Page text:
Marauders Get Their Kicks in State-Title Victory

  • Hanover teammates Bryn Kable, left, and Riley Craft celebrate for their NHIAA D-II championship win over Milford on Nov. 4, 2018 in Nashua, N.H. (Valley News - Jennifer Hauck) Copyright Valley News. May not be reprinted or used online without permission. Send requests to permission@vnews.com.

  • Hanover's Casey McGuire and Milford's Ashley Matis make contact during their NHIAA D-II final on Nov. 4, 2018 in Nashua, N.H.(Valley News - Jennifer Hauck) Copyright Valley News. May not be reprinted or used online without permission. Send requests to permission@vnews.com.

  • Hanover's goalie Isabella Bardales stops a shot during a shoot out to take the NHIAA D-II girls soccer final against Milford on Nov. 4, 2018 in Nashua, N.H. (Valley News - Jennifer Hauck) Copyright Valley News. May not be reprinted or used online without permission. Send requests to permission@vnews.com.

  • Hanover's Eva Schiffman, left, Sonja Lippman, Arabella Meachman-Snyder, and Kira Smith react to a play during their NHIAA D-II final with Milford on Nov. 4, 2018 in Nashua, N.H. (Valley News - Jennifer Hauck) Copyright Valley News. May not be reprinted or used online without permission. Send requests to permission@vnews.com.

Valley News Staff Writer
Published: 11/5/2018 12:08:27 AM

Nashua, n.h. — Sometimes, defense does win championships.

Hanover High’s girls soccer team spent 80 minutes of regulation and two overtime periods largely under siege by speedy No. 6 seed Milford during Sunday’s NHIAA Division II championship game at Stellos Stadium. The Spartans outshot Hanover by a wide margin, playing much of the game in the space directly in front of Marauders goaltender Bella Bardales.

Playing on its heels, however, seems to be Hanover’s forte. The Marauders defense bent but never broke, forcing 100 minutes of scoreless play before eventually winning, 3-2, on penalty kicks. It was Hanover’s ninth state title all-time, the seventh since 2000 and the third in five seasons.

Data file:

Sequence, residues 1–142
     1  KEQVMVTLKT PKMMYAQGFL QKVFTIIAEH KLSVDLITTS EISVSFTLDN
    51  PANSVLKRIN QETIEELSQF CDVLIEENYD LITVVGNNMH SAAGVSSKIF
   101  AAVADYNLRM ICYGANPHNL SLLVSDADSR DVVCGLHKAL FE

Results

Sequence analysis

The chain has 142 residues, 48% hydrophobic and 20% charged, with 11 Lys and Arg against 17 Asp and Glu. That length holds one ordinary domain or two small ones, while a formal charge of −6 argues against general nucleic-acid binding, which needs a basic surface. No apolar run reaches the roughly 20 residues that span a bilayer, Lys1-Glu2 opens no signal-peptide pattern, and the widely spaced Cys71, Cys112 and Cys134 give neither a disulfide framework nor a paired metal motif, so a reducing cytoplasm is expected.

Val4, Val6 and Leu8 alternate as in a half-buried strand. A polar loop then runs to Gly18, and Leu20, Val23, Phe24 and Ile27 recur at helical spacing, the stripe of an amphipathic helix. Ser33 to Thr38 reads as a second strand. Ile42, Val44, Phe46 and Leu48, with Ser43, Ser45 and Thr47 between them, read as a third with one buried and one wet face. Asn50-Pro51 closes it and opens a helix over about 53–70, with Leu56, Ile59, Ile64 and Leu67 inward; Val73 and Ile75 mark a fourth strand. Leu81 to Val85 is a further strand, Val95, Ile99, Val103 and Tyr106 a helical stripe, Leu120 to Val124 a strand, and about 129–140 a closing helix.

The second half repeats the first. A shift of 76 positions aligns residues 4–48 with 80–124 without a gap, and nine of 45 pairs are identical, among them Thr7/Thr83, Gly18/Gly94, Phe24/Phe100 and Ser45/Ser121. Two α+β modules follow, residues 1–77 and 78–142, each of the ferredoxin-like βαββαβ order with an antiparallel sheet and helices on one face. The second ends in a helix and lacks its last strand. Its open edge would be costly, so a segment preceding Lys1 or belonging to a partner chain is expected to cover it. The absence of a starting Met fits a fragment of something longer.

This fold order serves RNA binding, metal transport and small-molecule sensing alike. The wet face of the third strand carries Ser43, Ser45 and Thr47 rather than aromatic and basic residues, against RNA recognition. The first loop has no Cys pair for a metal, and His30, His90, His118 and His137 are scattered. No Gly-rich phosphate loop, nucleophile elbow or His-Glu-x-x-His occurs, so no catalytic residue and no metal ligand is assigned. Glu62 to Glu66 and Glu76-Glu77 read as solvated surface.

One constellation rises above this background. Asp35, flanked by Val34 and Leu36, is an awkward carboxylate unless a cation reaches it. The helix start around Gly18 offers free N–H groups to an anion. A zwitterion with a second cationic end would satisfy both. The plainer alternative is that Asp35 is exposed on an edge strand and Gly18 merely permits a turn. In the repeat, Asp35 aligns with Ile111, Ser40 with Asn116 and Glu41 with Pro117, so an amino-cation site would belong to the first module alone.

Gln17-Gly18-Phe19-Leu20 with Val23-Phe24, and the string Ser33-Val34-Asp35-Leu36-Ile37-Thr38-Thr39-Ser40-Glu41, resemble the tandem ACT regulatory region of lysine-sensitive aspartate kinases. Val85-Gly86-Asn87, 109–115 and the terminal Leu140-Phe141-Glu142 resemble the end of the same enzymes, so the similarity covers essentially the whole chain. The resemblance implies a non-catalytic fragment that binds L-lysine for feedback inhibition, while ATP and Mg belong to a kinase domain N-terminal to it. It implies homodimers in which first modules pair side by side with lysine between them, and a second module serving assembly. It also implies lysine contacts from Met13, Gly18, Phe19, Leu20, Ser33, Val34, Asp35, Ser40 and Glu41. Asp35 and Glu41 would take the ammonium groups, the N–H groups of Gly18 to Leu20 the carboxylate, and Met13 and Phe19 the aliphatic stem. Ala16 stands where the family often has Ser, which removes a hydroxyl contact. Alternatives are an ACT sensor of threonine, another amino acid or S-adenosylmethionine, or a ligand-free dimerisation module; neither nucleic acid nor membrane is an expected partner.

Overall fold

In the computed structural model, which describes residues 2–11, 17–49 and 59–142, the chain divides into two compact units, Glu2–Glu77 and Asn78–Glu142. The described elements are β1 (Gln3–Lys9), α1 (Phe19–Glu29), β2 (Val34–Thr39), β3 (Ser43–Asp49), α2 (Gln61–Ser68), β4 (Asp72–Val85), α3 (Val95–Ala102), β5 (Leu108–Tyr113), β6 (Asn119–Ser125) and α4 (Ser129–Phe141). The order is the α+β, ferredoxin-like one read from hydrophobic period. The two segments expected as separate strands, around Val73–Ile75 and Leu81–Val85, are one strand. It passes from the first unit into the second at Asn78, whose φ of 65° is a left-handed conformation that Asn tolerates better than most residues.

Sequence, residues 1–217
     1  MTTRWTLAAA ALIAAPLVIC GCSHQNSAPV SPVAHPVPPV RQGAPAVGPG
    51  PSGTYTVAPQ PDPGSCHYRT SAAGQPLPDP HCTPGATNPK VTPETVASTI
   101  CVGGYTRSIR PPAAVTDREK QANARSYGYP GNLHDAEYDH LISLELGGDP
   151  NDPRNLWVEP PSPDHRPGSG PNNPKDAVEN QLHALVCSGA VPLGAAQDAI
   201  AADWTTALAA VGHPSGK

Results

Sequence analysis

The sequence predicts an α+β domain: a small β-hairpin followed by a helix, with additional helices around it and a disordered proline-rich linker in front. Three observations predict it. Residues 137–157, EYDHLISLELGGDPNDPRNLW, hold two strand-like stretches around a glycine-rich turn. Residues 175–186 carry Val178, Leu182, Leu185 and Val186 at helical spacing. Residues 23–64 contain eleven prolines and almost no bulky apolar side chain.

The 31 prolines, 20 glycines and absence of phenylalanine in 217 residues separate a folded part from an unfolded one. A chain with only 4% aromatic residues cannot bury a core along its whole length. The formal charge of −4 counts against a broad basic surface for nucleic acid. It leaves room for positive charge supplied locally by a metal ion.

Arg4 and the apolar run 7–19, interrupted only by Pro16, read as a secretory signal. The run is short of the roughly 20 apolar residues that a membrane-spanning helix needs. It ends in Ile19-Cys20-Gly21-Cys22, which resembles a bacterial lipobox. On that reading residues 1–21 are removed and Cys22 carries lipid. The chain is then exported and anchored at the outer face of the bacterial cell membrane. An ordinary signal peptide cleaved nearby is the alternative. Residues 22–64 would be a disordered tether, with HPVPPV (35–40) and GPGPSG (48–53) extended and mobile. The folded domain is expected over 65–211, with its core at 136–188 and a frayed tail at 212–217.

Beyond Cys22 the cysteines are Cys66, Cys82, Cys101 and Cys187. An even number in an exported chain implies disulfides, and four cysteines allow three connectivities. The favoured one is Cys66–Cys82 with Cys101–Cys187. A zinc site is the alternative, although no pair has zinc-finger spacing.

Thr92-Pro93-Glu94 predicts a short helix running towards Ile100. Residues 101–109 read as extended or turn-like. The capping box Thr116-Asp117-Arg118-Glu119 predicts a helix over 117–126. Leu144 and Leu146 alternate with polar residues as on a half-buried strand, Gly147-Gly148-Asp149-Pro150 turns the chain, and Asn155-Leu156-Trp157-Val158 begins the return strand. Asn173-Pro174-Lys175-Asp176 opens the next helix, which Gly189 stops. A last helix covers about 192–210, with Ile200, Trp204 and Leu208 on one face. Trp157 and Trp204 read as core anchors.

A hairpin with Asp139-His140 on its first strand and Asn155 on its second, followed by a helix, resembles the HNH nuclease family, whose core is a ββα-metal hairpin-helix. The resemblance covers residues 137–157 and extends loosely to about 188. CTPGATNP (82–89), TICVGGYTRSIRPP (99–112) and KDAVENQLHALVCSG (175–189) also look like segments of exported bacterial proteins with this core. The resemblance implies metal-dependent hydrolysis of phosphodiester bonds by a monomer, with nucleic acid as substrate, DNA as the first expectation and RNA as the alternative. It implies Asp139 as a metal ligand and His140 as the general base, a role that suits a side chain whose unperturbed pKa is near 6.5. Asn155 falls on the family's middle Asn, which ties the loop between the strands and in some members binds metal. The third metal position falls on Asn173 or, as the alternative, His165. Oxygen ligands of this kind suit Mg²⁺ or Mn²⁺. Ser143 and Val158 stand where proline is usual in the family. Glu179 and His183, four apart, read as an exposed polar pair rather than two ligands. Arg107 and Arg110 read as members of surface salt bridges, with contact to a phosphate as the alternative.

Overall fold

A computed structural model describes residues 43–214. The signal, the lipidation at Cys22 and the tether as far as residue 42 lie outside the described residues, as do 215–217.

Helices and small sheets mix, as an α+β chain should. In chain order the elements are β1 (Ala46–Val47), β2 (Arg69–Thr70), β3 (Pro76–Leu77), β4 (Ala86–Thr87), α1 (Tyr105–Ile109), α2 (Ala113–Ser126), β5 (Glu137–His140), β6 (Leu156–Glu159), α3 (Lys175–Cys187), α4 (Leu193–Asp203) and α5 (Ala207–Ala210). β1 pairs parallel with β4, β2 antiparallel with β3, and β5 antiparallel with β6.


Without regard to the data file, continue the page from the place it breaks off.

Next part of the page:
“It feels pretty good,” Hanover head coach Doug Kennedy said. “I’ll run with it.”

Sophomore forward Casey McGuire, senior midfielder Bryn Kable and sophomore forward Charlotte Johnson all scored for Hanover in the game-deciding best-of-five tiebreaker.

Milford’s Emmy Sullivan and Ashley Matsis were the ones who found the back of the net for the Spartans; Sophie Grill hit the cross-bar, Syd Thibault hit the left post and Mikayla Thompson’s shot was stopped by a diving Bardales.

“We played exactly how we wanted to,” Milford head coach Russ Matthews said. “We put some shots on, we did everything but put the ball in the back of the net. … They kind of sat back, so it’s hard to weave your way through.”

The Marauders, who finished their season 13-3-4 overall, are no strangers to playing under pressure.

They were outchanced and overpowered in their semifinal match with top-seeded Bow last week, but walked away with a 1-0 victory to punch their ticket to the final. Hanover did not allow a goal in its last five games and won two tournament games on penalties after scoreless ties.